Bishop Olson responds to coronavirus with charity and common-sense measures

by North Texas Catholic

March 12, 2020

person washing hands

FORT WORTH — In a March 12, 2020 statement [click for full statement], Diocese of Fort Worth Bishop Michael Olson notified the clergy and faithful that the diocese is keeping current with the Novel Coronavirus 2019 by consulting with the Texas Department of State Health Services and the public health departments of local counties.

Mass will continue to be offered on Sundays in the Diocese of Fort Worth despite the cancellation of many public events across the country.

Bishop Olson noted, “It is incumbent upon us as faithful members of the Church to act with the utmost of solidarity, justice, and prudence in rejecting selfish fear and embracing our responsibility to love our neighbor, especially the vulnerable, for the sake of peace and the common good of our society.”

To lessen the spread of COVID-19, the liturgical adaptations for flu season adopted on January 10 remain in force, including:

  • No holding hands during the Our Father.
  • Omit handshakes for the Sign of Peace.
  • Laity are strongly encouraged to receive the host in the hand.
  • No distribution of the Precious Blood.
  • If a non-communicant comes forward for a blessing, the blessing should be given without touching them.
  • The faithful are reminded that in receiving the Eucharist under one species, they are still receiving Jesus Christ — Body, Blood, Soul and Divinity — as the Church has always taught and as Christ intended.

In his statement, the bishop encouraged handwashing, using hand sanitizer, and covering coughs and sneezes. “There is an essential and required responsibility for all priests, deacons, and extraordinary ministers to use reasonable precautions to protect the faithful who attend Mass and receive the Eucharist,” he said.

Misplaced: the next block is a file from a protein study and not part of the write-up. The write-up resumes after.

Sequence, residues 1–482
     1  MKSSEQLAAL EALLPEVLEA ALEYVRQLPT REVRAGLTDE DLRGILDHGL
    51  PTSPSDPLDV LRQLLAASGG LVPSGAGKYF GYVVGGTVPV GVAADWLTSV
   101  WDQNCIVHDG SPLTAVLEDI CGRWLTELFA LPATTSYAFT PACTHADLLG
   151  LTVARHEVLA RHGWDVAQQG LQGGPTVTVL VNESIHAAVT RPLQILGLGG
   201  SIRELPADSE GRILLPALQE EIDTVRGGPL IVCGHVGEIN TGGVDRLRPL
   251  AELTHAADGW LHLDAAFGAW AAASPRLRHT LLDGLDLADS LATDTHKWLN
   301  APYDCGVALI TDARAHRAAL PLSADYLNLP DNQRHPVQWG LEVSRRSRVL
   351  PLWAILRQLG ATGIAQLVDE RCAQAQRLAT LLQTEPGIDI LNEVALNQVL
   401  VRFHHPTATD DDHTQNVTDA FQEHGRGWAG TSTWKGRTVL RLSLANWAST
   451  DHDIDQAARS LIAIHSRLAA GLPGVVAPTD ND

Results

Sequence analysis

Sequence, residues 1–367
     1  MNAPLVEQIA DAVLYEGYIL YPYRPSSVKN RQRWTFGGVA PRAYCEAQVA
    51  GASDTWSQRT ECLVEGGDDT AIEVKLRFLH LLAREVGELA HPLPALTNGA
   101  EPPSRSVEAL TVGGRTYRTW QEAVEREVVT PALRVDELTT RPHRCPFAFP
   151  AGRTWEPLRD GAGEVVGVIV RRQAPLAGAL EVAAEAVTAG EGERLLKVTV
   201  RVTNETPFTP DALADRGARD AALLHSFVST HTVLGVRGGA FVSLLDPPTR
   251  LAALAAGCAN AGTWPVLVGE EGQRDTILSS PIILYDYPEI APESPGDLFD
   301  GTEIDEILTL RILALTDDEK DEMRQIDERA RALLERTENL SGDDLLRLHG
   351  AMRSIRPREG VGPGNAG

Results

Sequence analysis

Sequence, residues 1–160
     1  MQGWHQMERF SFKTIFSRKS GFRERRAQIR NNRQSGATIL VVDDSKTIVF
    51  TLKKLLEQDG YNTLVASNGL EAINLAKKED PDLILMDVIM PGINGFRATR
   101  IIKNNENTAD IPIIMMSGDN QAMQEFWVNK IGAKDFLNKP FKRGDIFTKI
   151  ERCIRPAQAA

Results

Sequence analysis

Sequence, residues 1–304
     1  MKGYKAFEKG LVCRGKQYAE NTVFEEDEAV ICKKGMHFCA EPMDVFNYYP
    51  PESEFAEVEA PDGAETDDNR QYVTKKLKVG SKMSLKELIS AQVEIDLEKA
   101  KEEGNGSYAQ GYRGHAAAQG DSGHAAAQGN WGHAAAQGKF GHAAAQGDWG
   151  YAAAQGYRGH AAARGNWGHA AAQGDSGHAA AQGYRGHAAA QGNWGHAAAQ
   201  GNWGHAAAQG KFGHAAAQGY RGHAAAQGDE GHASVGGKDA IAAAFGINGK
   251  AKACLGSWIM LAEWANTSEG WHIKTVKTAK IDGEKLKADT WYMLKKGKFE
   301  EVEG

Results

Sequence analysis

Furthermore, “People who are sick, who exhibit contagious symptoms, or who are particularly vulnerable to the transmission of the virus are dispensed in charity from the obligation to attend Sunday Mass,” he continued.  

The diocese will follow all directives issued by civil and health officials to combat the spread of the illness, which was declared a pandemic by the World Health Organization on March 11.

In Washington state, one of the hardest hit states, the governor has limited gatherings of more than 250 people. Therefore, the Archdiocese of Seattle became the first in the country to temporarily suspend all public Masses. However, state and local officials in Texas have not recommended similar restrictions.

If additional measures are taken in the Diocese of Fort Worth, the bishop will notify pastors and post information on the diocesan website, fwdioc.org.

Although Bishop Olson regards the illness seriously, he encourages “each and all of us to reject panic and make our contribution to the common good with solidarity and love for our neighbor.”

person washing hands

In a March 12, 2020 statement, Diocese of Fort Worth Bishop Michael Olson notified the clergy and faithful that the diocese is keeping current with the Novel Coronavirus 2019 by consulting with the Texas Department of State Health Services and the public health departments of local counties.

Published (until 3/12/2030)
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